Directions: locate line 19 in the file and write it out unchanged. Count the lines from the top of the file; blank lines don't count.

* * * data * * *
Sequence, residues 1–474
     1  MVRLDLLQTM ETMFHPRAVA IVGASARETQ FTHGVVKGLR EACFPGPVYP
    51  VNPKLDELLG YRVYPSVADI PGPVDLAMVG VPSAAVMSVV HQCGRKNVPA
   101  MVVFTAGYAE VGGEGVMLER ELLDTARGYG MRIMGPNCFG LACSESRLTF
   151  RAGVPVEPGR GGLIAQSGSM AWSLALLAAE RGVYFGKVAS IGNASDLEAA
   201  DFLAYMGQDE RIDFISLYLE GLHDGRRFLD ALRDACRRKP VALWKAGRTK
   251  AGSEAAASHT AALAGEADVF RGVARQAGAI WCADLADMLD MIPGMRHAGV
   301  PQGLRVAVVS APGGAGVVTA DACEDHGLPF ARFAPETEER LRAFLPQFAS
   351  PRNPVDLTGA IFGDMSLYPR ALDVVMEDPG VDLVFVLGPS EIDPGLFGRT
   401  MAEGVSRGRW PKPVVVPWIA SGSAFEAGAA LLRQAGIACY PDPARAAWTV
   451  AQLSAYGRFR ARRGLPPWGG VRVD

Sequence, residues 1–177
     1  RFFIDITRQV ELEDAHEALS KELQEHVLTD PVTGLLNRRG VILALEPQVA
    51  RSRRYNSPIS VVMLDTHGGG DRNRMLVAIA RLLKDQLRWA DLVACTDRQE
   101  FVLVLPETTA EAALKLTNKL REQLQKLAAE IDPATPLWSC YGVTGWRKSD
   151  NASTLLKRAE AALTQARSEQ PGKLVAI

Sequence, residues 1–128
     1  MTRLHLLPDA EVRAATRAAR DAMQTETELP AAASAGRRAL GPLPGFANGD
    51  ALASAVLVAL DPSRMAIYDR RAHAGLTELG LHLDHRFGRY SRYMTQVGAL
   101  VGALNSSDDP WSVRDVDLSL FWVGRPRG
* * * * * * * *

    51  ALASAVLVAL DPSRMAIYDR RAHAGLTELG LHLDHRFGRY SRYMTQVGAL